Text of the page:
The name “Elverhøj” is pronounced “Elverhoy” (as spelled in its English version). It was taken from Denmark’s most famous folk play, Elverhøj, which was written in 1828 and is still performed today. Translated as “Elves’ Hill,” the story involves a king’s visit to the world of dancing female wood-spirits and their forest friends. Elverhøj was first performed in Solvang in 1914. The builders took the name of this much-beloved play as the name for their new family home.
Located in Solvang, California, Elverhøj Museum of History & Art is a community museum devoted to the history of Solvang, the Danish-American pioneer spirit, the colorful heritage of Denmark, and the arts.
The historic hand-crafted structure was the dream home of artists Viggo Brandt-Erichsen and his wife, Martha “Patt” Mott Brandt-Erichsen. He was an internationally recognized painter and sculptor, and she was an accomplished painter and art instructor.
In 1949 the Brandt-Erichsens began building their home in the style derived from the large farmhouses of 18th century Jutland in northern Denmark. They incorporated many elements of Scandinavian architecture. Ornamental wrought ironwork, a carved redwood main entry door, and hand-painted panels are a few of the permanent imprints of this remarkable family.
Elverhøj remained the Brandt-Erichsen family home until Patt’s death in 1983 when the building was donated to the community to be used as a museum and art gallery. After extensive renovation in 1987, Elverhøj Museum of History & Art opened to the public in May of 1988. Today Elverhøj is one of the few museums outside of Denmark devoted to Danish culture and the Danish-American experience.
Solvang is one of several colonies founded by Danish immigrants in rural areas of the United States during the late 19th century and into the 20th century. Between 1820 and 1990, approximately 375,000 Danes had immigrated to the United States. The immigrants were drawn to the United States by the promise of a better life; more freedom in trade, occupation, and religious equality; more economic opportunities; and greater social equality. The Homestead Act of 1862 enabled almost anyone to own and farm their land. Letters from immigrants already in the United States painted a glowing picture of the possibilities, as did advertising by immigration agents, steamship lines, railroads, and land companies.
Founded in 1911, Solvang began as a dream of three Danish immigrants who were educators and pastors. Benedict Nordentoft, Jens Møller Gregersen, and Peder Pedersen Hornsyld planned to raise money to buy a large tract of land on the West Coast and subdivide it into plots for farms, homes, and a town. Profits from the sale of land would be used for building a folk school and a Lutheran church. In January, 1911 the Danish-American Colony Corporation bought almost 9,000 acres of prime land in the Santa Ynez Valley. The new colony was named “Solvang” (sunny field) and glowing advertisements were placed in Danish-language publications. Early buyers, almost all Danish, came from California, the Midwest, and Denmark.
Most of the early settlers were farmers. They quickly built barns for their livestock and farming equipment, then houses for their families. Dairy farming, a tradition in Denmark, flourished. Other settlers began establishing necessary businesses. The Solvang Hotel opened in June 1911. A general merchandise store soon followed as did a creamery, bakery, bank, and butcher store.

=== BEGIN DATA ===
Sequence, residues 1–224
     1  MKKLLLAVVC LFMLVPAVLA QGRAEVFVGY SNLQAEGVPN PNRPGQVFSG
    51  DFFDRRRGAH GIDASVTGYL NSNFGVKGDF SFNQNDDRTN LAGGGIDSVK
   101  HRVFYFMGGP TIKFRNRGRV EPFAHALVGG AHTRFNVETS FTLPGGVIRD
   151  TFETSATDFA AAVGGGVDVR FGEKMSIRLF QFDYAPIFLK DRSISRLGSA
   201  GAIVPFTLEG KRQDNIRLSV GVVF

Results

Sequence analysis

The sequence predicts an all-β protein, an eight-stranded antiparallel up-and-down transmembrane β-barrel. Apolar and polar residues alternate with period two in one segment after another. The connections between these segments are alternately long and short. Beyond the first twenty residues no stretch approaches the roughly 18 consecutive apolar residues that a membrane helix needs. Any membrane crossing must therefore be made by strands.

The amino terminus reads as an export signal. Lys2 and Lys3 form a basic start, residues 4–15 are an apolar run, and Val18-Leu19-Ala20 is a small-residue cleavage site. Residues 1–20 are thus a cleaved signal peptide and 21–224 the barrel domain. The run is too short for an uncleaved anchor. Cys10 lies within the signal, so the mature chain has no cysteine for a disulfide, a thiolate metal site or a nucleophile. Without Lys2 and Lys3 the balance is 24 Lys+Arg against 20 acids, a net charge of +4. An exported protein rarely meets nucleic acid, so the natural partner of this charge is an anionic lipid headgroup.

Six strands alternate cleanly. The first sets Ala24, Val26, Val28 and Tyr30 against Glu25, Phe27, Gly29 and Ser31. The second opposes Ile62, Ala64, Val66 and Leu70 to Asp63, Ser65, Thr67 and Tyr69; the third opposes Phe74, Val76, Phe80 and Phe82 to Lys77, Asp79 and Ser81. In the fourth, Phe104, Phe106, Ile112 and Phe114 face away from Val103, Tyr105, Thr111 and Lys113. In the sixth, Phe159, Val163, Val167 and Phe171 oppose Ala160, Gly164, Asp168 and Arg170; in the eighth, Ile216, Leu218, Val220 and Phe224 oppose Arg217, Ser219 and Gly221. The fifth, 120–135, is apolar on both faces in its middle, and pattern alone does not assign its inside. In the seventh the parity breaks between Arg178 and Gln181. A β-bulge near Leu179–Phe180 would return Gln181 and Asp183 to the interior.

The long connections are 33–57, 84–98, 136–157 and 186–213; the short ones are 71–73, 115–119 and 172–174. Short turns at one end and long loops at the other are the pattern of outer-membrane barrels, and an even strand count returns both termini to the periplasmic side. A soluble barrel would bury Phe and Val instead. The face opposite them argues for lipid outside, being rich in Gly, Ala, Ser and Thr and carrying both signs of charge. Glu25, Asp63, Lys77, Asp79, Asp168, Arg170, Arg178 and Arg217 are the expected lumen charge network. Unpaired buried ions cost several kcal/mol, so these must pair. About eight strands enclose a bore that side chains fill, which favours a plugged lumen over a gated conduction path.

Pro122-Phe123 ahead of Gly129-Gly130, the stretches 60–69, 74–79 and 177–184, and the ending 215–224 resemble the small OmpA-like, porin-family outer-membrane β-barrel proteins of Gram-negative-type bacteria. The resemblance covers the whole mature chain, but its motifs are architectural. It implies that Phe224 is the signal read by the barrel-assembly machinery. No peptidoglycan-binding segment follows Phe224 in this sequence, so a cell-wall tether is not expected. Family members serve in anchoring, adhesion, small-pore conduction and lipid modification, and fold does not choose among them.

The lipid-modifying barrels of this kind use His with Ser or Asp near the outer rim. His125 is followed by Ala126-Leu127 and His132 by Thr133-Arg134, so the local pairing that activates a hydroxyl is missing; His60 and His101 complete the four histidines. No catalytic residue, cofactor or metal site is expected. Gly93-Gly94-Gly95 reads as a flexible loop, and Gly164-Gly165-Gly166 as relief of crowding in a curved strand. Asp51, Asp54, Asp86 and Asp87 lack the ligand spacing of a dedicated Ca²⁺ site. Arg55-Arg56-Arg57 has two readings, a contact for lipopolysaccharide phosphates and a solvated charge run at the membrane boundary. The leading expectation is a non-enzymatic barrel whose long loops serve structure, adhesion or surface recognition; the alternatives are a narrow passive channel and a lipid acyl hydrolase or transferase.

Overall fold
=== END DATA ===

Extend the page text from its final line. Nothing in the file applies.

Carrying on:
True to its founders’ plan, Solvang built a folk school in 1911. Designed for young adults as a “school for life,” it offered a broad range of courses. These included Danish arts and crafts, singing, folk dancing, gymnastics, bookkeeping, history, English, and Danish language classes, and more. In 1914, the folk school moved to its new home and was renamed Atterdag College. For years, Atterdag was the heart and soul of Solvang. It was used as a folk school, a community meeting hall, a performing arts venue, a gymnastics center, a summer school, and a boarding house.
When the college finally closed its doors in 1952, its site and some of its facilities were used by the Solvang Lutheran Home (later renamed Atterdag Village). The Atterdag College building fell into disrepair and was torn down in 1970.
The Danes of Solvang rapidly became acculturated. They learned English, followed American ways, and sent their children to the local grammar school. But they also kept Danish traditions. They spoke Danish amongst themselves and formed Danish fraternal organizations.
In 1936, the 25th anniversary of Solvang’s founding, residents decided to throw a Danish party. The three-day celebration was a huge success. The next year Solvang put on another celebration and the tradition of Danish Days was born.
After World War II, Solvang decided it wanted embrace Danish Provincial architecture. New buildings were constructed and old buildings were remodeled in this design. Danish-style windmills were built. In 1947, the Saturday Evening Post published a feature article about the “spotless Danish village that blooms like a rose in California’s charming Santa Ynez Valley.” The article and its stunning photographs started a stream of visitors to Solvang, which became known as the “Danish Capital of America.”
Today, Solvang is a charming town of 6,100 residents. Despite tourism, it has kept its small-town atmosphere. Although approximately only 10% of the residents now claim Danish ancestry, the Danish heritage remains part of the texture of everyday life that gives Solvang its unique look and atmosphere.